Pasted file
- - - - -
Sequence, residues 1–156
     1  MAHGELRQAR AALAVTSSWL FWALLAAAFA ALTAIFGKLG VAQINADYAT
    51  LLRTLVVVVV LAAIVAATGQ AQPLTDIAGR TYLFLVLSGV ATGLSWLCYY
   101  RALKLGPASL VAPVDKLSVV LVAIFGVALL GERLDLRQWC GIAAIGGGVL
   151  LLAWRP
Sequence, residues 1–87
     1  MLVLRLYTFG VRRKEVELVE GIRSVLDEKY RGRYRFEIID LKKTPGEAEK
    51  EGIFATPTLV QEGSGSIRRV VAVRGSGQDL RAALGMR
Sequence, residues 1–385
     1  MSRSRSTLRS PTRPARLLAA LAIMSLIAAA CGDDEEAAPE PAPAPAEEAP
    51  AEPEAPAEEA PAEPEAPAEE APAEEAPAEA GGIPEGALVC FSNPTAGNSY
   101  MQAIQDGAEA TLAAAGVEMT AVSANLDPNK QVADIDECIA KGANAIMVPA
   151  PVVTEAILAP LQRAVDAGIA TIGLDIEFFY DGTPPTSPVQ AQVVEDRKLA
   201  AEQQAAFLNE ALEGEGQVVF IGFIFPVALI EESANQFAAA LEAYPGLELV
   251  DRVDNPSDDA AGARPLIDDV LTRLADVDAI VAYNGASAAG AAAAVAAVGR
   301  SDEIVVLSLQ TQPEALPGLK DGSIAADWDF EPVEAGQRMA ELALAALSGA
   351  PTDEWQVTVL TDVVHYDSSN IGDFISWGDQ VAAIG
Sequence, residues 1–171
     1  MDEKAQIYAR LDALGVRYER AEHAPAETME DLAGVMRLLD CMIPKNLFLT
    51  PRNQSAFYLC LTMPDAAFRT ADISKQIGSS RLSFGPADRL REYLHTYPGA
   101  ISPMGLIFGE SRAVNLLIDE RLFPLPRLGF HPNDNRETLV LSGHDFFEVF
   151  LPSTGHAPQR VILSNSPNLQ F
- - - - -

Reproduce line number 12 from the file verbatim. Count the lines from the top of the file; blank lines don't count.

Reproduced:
   101  MQAIQDGAEA TLAAAGVEMT AVSANLDPNK QVADIDECIA KGANAIMVPA